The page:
Something Special Indeed: Sam and Reno
For those who don’t know him, Sam looks like a typical five-year-old. He smiles easily, loves to play and he is full of energy. Normal characteristics for a school aged child, but impressions can be misleading. While Sam looks like many of the other five-year-olds in Minnesota, Sam is a child with autism.
Sam is not alone and neither are his parents, Darren and Jennifer. According to the Autism Society of America, 1 out of every 166 children born in the U.S. is diagnosed with an Autism Spectrum Disorder, making autism more prevalent among families today.
As a way to help these families, Can Do Canines began exploring the idea of training Assistance Dogs, specifically for children with autism. This fall the Schuler family was paired with Reno, a Bouvier des Flanders, and the first Autism Assist Dog placement began.
Life Before Reno
Like any parents Jennifer and Darren were happy to see Sam growing bigger and stronger. But his physical development also prompted questions about Sam’s safety. According to Jennifer, “Whenever we would take Sam to a public place whether it was the grocery store or the mall, we would have to hold onto Sam, otherwise he would bolt and run off.” They knew they couldn’t hold onto Sam twenty-four hours a day, seven days a week. They needed help and looked into possible solutions for the sake of Sam’s safety.
Darren and Jennifer had heard stories about Assistance Dogs paired with children with autism. Jennifer attended a conference that focused on this topic. Unfortunately, the group presenting was in Canada. Jennifer began researching other organizations that trained this type of Assistance Dog.
She found Can Do Canines and discovered they were beginning to implement their new Autism Assist Dog program. The family applied and after going through the application process, was accepted as the first clients in the program.
Getting Reno Ready
Reno began his training like most Assistance Dogs at the organization learning obedience and gaining socialization. Once those skills were obtained, Reno’s training focused on serving as an anchor for Sam. This way when Sam attempts to bolt, Jennifer tells Reno to ‘sit’ and ‘stay’ preventing Sam from darting off into crowds or across streets. Allowing Sam to be safer and providing a peace of mind for his parents.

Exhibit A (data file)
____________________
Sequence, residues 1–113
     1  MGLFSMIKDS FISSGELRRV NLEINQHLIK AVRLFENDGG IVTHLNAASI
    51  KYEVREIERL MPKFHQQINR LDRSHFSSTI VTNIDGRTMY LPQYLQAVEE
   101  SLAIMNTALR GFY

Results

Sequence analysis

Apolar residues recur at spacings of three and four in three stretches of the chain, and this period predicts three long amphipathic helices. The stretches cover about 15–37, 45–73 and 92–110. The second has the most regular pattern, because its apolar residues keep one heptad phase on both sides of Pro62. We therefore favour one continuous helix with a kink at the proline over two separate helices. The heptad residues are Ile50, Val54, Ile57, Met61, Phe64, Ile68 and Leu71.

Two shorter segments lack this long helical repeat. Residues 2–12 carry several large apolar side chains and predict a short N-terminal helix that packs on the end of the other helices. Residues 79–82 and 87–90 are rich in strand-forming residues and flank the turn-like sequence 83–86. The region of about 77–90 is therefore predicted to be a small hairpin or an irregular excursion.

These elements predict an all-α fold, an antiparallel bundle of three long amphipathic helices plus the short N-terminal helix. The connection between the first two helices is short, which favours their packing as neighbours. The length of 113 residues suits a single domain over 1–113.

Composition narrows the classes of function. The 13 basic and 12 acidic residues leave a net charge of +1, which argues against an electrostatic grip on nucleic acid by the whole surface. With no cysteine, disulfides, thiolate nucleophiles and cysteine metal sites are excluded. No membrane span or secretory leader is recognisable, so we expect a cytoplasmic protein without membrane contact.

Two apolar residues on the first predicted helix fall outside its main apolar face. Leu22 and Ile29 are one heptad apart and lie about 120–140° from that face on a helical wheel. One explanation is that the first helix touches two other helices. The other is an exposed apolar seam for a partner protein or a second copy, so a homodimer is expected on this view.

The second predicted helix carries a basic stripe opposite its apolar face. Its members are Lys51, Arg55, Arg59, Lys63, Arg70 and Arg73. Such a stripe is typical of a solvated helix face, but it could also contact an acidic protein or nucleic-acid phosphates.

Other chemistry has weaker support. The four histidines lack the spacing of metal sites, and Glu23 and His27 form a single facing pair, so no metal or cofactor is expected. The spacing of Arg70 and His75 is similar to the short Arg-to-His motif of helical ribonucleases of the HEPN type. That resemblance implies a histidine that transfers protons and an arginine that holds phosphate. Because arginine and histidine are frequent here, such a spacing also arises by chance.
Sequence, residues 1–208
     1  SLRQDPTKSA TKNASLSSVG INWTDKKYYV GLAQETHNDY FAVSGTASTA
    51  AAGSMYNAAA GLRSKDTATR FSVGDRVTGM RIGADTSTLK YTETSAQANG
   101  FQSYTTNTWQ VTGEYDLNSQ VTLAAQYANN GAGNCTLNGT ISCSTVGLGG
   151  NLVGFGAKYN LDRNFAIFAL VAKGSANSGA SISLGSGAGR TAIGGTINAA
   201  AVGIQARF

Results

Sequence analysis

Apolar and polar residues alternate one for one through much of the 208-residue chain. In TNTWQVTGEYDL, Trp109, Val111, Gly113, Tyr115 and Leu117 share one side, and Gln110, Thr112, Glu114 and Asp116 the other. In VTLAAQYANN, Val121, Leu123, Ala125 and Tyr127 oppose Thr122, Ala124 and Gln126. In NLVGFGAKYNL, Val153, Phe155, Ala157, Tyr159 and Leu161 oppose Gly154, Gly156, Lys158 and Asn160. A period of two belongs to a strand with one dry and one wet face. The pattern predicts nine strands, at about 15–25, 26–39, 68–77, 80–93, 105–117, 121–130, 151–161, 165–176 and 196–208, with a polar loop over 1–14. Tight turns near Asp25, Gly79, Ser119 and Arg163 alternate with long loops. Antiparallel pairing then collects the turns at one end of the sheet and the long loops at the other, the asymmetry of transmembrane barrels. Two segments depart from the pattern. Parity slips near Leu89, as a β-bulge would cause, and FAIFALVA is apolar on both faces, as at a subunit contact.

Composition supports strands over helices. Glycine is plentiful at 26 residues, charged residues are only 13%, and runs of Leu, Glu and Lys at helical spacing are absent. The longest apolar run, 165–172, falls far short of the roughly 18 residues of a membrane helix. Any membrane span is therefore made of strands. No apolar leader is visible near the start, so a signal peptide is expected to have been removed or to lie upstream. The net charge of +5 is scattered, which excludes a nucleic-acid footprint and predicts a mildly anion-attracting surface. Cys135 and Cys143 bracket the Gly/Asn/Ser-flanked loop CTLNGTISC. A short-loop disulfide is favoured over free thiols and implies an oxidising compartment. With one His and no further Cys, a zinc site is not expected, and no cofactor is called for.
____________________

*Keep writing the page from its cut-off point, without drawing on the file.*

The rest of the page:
Life with Reno
“There is a definite bond between Sam and Reno,” says Jennifer. “Reno is a trooper and doesn’t let Sam out of his sight. Reno knows his job is to protect Sam.”
But the two didn’t become a team overnight. They practiced as a family, going to public places as Jennifer learned how to handle Reno and Sam got used to being paired with the dog. “With Sam being older, I was having difficulties going to everyday places with him by myself. If I turned by back for a split second, Sam would take off,” said Jennifer. “Sam has learned that when we go out he has a task; he takes pride in knowing his task is to hang onto Reno.”
Even with Reno, Sam still has the occasional meltdown. It’s part of having a child with autism and Sam’s parents understand that. With Reno by his side their anxieties and worries about his safety are reduced. “Sam is impulsive and he’s active,” said Jennifer, “but now when he attempts to bolt, Reno knows to ‘stay’ and holds his position on the ground, so Sam can’t go too far.”
Jennifer also notes that Sam’s temperament has changed since Reno entered their lives. The family attended a school assembly recently and during the program Jennifer noticed Sam was getting tired. Normally Sam would have had a meltdown and Jennifer would have to take Sam out of the audience. This time however, Sam sat on the floor next to Reno and remained calm —— allowing the family to enjoy the school assembly in its entirety.
When the family goes out in public, Jennifer is frequently asked about Reno. “People see the red vest on Reno and see Sam and Reno walking together and they ask questions,” said Jennifer. “Before if Sam and I were in a public setting Sam took off, I could feel the looks of other people ‘like why can’t the parent get control of this kid?’ But now with Reno, people can see that Sam is a child with special needs, even if he looks like most five-year-olds,” she said.
Jennifer extends her thanks to those who support Can Do Canines. “Having a local organization providing this service and training is amazing,” she said. “Reno is a wonderful addition to our family. Having a safety net for Sam was our top priority and Reno provides that,” Jennifer stated. “It’s an extra bonus that Reno has become a buddy for Sam.”
Together the team is proof of the amazing accomplishments of this innovative program. “We are grateful for Reno and the unending support from the staff,” Jennifer responded. “This program has made a difference in our family’s life and I know it will help other families like ours in the future.” >